What began as a brainstorming session at the beginning of the school year has transformed into a strong partnership between Fairgrieve Elementary School students and members of G. Ray Bodley’s Helping Other People Everywhere (HOPE) Club.
According to club adviser and GRB teacher Cathy Cronk, members of the HOPE Club started the school year discussing different activities that could make an impact on a variety of levels.
While the group opted for its staple projects such as the winter mitten drive and a food collection for the Salvation Army Food Pantry, club members began thinking outside the box to develop ideas that would really affect local schoolchildren.
“Every year we try to have projects that are something organic, dynamic that comes from the club members,” Cronk said. “We said, ‘What can we do to make a difference?’ and that’s when the idea of a student mentoring program began.”
Cronk said she discussed the idea with Fairgrieve Elementary School Principal Jean Ciesla, who was receptive of the idea.
“I told her that I had some great kids who would love to serve as mentors,” Cronk said. “It was a quick conversation that evolved into something fantastic.”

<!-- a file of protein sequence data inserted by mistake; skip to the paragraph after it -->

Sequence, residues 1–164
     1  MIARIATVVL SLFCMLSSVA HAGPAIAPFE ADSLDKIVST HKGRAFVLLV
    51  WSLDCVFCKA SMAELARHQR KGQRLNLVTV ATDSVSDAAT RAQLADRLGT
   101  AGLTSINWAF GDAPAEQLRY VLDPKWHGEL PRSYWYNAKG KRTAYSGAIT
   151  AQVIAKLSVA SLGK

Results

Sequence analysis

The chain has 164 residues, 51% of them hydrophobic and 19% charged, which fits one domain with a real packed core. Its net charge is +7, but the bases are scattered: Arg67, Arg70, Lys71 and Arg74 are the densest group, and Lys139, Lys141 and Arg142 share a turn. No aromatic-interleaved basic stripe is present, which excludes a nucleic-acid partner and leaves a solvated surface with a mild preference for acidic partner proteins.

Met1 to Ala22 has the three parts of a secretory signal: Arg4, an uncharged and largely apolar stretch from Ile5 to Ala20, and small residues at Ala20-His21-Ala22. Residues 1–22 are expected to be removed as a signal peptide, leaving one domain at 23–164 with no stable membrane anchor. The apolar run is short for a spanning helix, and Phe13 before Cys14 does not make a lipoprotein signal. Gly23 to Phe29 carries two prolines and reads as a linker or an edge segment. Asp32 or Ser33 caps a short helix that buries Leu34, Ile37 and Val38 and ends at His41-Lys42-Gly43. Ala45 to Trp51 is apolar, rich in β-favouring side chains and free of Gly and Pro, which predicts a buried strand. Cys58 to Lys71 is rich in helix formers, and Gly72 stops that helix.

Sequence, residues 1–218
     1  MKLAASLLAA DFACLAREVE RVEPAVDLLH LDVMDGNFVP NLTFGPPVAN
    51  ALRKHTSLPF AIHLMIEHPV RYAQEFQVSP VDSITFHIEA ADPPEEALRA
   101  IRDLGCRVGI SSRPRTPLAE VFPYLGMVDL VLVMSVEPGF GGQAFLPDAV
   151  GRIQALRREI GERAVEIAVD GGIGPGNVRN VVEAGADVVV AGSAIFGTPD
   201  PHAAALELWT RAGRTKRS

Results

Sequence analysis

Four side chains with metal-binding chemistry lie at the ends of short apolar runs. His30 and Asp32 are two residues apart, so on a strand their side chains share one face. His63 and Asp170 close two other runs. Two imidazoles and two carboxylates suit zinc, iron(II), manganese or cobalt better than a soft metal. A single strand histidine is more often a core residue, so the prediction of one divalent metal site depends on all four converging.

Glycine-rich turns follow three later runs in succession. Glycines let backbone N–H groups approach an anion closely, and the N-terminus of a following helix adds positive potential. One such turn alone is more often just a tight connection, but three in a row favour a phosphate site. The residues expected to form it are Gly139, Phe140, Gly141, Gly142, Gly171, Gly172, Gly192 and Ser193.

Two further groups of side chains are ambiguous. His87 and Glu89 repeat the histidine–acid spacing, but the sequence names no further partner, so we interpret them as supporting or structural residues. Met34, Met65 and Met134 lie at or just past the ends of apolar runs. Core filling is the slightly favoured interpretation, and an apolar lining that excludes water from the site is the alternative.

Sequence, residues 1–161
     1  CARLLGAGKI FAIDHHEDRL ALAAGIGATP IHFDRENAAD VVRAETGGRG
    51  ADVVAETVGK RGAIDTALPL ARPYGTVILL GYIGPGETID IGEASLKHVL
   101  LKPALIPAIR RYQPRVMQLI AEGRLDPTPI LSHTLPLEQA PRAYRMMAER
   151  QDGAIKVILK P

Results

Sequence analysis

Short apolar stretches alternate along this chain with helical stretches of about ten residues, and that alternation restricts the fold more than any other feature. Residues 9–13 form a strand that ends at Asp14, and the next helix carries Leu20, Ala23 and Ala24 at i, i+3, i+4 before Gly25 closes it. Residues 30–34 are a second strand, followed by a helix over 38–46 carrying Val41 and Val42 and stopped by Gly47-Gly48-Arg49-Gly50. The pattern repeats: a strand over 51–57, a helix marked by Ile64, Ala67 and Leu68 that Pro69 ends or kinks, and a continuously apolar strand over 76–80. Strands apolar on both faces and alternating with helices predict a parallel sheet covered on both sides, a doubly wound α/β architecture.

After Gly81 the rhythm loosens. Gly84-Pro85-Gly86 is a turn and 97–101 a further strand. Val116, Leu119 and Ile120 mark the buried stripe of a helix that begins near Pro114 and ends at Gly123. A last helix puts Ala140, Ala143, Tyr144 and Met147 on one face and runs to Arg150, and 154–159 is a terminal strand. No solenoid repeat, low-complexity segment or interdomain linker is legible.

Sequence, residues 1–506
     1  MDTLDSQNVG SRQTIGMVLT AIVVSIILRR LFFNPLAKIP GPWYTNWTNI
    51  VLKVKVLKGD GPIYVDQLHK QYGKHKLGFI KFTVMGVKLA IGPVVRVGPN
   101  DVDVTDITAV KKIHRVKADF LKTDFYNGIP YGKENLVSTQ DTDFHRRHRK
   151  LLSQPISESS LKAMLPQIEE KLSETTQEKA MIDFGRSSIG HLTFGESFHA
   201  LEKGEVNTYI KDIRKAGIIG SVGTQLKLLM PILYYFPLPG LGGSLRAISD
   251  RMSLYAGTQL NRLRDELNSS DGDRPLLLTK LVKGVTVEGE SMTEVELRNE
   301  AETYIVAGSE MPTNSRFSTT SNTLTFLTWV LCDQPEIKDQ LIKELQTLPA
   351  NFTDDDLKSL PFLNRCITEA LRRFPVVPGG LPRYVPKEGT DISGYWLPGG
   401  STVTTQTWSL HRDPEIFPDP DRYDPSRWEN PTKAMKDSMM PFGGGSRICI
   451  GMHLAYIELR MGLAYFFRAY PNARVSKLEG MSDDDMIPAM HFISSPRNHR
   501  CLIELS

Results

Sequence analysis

To help develop the program and train the mentors, Fairgrieve’s school/home liaison Ariana Suhr stepped up to the plate. She provided training that taught the mentors how to handle any kind of difficult circumstance that may arise and how to relate to different students.
“They really learned how to be a mentor; not a parent, not a teacher,” Cronk said. “They learned how to communicate well and how to listen well.”
The program matches 17 HOPE Club members with Fairgrieve Elementary School students in first through fifth grades.
They are paired up based on interest inventories that the mentors and mentees each had to complete. The group will meet several times through the end of the school year, with each hour-long session consisting of games, one-on-one conversations and group activities.
“We are hoping that if the kids can have the same mentor for two or three years,” Cronk said, noting that the program has the potential to make a significant impact on everyone involved. “For Fairgrieve, I think they’ll see some immediate positive outcomes from their students and I’ll see the same here. I think our kids are going to grow. They’ll be able to open their eyes and make connections with people that they may not have otherwise met.”